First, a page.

The NFL heads into Armageddon this week.
Unless a final, mediated bargaining session (under way in Washington, D.C., on Tuesday) produces a new collective bargaining agreement — or enough progress for both sides to agree to stop the clock — the league and its players will undoubtedly allow a worst-case scenario to play out: The owners will vote today to lock out the players come 12:01 a.m. Friday, and the players will respond with an attempt to decertify the NFL Players Association as their union.
“It looks like we’re headed for a legal battle between the PA and NFL, and we’re quickly going to leave the negotiating table and head for the courtroom,” said Gabe Feldman, the director of Tulane University’s sports law program. “It’s going to be decertification versus lockout.”
It is an even worse scenario than the one that happened in 1989, the last time a work stoppage menaced the league. Back then, the union was allowed to decertify. Football was played, even though a state of war existed between the owners and players for four years — until Reggie White’s antitrust suit in 1993 challenged the freedom-limiting Plan B free agency and forced an agreement that included a more liberal free agent system.
“The deal doesn’t get done while they’re firing these economic weapons. The deal gets done once the dust has settled and we see which side is left with more leverage,” said Feldman. “It could take a while for the courts to decide which economic weapon trumps.”
The question this week is: If a worst-case scenario does happen, what will the following weeks (and perhaps months) look like for the players? Here are three scenarios that address those issues. Hint: None of of them are pretty.
If the owners vote to lock out and District Court Judge David S. Doty allows decertification, all player-team relationships would stop. “It’s not clear what will happen when a group of owners tries to lock out a group of employees who have decertified their union,” Feldman said. “We don’t know the answer to that question, and I think until we get that answer, we’re probably not going to get an agreement.” Players such as Mathias Kiwanuka, who is rehabbing a herniated disc under the auspices of the Giants’ training staff, would have to find a private facility to continue. There would be no offseason conditioning programs or minicamps, or possibly training camp. All player salaries and all medical and pension benefits would be suspended. Antonio Cromartie said a few weeks ago that he had already taken out a personal medical plan for his eight children in preparation for this eventuality. Also, the extra money that comes from the split of NFL merchandising such as T-shirts and uniforms would vanish. In addition to lost practice time, communications with coaches would be prohibited, and a lesser brand of football would be expected if the situation lasts through the offseason, into training camp and beyond. The players would gain tremendous bargaining power as they wage individual and class action antitrust suits that pay treble damages. But keep in mind that individual lawsuits are expensive. A class action suit, such as the one that stemmed from a group of smaller player-friendly decisions in ’89 — could cost the owners billions if not settled. Still, the owners have a great war chest in the $4 billion from guaranteed TV contracts they’ll reap. The draft would go on as scheduled, and trades of players under contract could be made, but free agency would be put on hold. This is the most likely scenario.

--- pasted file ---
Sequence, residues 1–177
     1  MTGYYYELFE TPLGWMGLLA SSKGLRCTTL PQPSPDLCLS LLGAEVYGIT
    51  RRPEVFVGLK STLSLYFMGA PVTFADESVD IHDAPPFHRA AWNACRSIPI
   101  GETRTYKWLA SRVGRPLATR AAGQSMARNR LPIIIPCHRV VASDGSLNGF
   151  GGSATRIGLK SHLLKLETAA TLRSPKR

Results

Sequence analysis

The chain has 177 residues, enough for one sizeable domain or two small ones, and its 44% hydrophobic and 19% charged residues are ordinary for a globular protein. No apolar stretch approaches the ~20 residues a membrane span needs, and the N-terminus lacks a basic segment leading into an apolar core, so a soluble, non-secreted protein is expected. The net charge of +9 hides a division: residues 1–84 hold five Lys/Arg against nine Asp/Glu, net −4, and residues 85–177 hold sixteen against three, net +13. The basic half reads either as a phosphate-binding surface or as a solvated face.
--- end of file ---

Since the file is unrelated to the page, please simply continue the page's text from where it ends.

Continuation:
If Doty sides with the players and allows decertification, there could still be a football season if the owners move off their lockout plans. This scenario would most certainly hurt and antagonize the players, as the league would be free to enforce what is called the “last and best offer.” This is what happened in 1989. The NFL was allowed to enforce its own rules as contained in its final offer to the NFLPA. In return, the players had the right to sue the NFL for antitrust violations, since decertification eliminated the NFLPA as a collective bargaining agent. The players played the next four seasons dancing to the owners’ tune, and numerous players sued. As in our first scenario, the players could challenge subjects such as restricted free agency, the salary cap and the franchise and transition tags.
No work II: Strike
If the owners decide to implement their “last, best offer” and Doty denies decertification, the players could strike. Although the immediate effects would resemble a lockout, this would be a public relations nightmare for the players because it would be their decision to walk out after crying “Let us play!” since the owners opted out of the current CBA in 2006. A lot of people think the players get paid too much already. This would paint them as spoiled and greedy, making this the least likely scenario.